Listening to the Inner Voice: The Healing Power of Writing

What is the source of our first suffering?
It lies in the fact that we hesitated to speak.
It was born in the moment
When we accumulated silent things within us.
– Gaston Bachelard

Writing is an axe to break the frozen sea within.
– Franz Kafka

People with eating disorders come to therapy talking endlessly about food, fat, dieting and losing weight, a focus that distracts them from deep wells of pain. Disconnected from their inner hunger, they are isolated from themselves and others. A major goal of therapy is helping them develop connections; to their therapists, to other people, to their inner psychic worlds and eventually, to the larger world – of spirituality, nature and community.

I am not a silent therapist. I talk, ask questions, give advice and suggestions and laugh. Occasionally I tell a joke. But for the most part, I listen more than I speak. One goal of psychotherapy is expanding the practice of consciousness. Helping my patients slow down and listen to the inner voice is the core of my work as a therapist.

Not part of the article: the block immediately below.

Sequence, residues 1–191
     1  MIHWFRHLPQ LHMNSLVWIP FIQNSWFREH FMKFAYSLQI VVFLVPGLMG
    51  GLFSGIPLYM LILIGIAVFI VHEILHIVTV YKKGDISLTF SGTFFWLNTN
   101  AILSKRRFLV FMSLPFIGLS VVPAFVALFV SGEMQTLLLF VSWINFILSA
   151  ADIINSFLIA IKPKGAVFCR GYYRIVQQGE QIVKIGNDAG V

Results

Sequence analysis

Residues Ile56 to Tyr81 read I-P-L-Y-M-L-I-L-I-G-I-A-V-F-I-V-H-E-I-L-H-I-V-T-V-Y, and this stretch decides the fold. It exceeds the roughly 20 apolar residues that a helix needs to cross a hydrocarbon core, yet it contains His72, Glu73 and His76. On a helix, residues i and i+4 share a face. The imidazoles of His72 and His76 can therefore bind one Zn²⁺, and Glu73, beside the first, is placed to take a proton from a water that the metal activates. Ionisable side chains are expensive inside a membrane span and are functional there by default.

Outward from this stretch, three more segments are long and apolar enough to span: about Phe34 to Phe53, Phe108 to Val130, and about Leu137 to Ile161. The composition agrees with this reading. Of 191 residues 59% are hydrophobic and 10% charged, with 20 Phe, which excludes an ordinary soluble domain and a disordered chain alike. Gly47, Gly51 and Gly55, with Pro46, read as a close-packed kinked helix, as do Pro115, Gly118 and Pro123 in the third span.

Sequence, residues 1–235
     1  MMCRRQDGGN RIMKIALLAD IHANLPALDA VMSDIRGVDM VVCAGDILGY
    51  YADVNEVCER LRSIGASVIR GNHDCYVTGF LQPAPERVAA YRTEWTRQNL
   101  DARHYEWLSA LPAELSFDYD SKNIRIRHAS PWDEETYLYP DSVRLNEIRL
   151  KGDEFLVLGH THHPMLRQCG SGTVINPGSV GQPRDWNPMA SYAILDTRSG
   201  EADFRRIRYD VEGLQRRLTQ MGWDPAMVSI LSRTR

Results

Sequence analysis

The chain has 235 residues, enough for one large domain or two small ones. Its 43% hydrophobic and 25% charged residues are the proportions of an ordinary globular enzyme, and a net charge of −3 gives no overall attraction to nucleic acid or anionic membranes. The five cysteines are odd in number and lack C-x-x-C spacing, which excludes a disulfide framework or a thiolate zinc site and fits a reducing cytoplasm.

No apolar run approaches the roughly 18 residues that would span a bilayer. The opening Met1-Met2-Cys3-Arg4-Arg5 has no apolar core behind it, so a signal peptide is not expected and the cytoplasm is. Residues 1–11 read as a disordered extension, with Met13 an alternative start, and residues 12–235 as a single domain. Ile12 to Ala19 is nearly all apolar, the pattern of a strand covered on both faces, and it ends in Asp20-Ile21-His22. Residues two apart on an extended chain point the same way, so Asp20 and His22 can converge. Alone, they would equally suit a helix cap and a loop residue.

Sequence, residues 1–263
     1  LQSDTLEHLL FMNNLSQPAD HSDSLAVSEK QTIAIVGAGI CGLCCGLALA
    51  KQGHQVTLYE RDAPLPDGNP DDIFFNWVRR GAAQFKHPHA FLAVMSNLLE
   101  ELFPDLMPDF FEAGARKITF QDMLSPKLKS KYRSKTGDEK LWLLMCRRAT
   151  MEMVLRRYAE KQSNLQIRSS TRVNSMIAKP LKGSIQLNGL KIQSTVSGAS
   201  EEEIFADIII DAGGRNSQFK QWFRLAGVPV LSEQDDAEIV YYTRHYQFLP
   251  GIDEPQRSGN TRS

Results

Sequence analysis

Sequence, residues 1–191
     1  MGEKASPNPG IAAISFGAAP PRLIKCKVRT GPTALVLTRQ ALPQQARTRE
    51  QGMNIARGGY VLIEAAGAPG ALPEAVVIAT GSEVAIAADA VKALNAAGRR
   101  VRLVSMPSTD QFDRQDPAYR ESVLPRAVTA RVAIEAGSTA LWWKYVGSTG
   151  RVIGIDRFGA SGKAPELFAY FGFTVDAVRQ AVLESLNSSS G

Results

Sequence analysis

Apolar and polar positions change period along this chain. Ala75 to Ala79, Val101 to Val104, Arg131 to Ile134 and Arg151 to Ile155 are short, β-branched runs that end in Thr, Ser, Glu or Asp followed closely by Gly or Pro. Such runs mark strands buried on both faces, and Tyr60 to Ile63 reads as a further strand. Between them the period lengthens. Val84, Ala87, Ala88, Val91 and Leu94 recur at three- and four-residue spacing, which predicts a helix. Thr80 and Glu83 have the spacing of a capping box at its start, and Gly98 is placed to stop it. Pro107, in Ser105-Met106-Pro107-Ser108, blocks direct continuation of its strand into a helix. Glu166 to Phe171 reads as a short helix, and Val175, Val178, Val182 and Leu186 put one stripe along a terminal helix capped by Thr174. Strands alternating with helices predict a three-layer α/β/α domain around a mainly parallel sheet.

The psychotherapy relationship is dependent upon verbal communication: Words. Unfortunately, people with eating disorders have trouble putting their feelings and thoughts into words. Instead, they displace and project disowned thoughts, feelings and bodily sensations onto their bodies and articulate them as body hatred. They seek safety in the rituals of binging, purging, starving, exercising and dieting. As a therapist, I hope to facilitate the development of new healthy rituals. The rituals of communication, relatedness and renewal.*

One way I help my patients access their inner world is by introducing them to writing. This practice has evolved from my own personal experience. For me, writing has been a pathway to spiritual and psychological wholeness.

The territory of writing is vast. Throughout the ages, spiritual seekers have found refuge and enlightenment in journals. More recently, new research from Pennybaker and his colleagues suggests expressive writing may boost immune functioning in patients with illnesses such as AIDS, asthma and arthritis. For years, therapists have been using logs, questionnaires, journals and other forms of writing to help people heal from stress and trauma.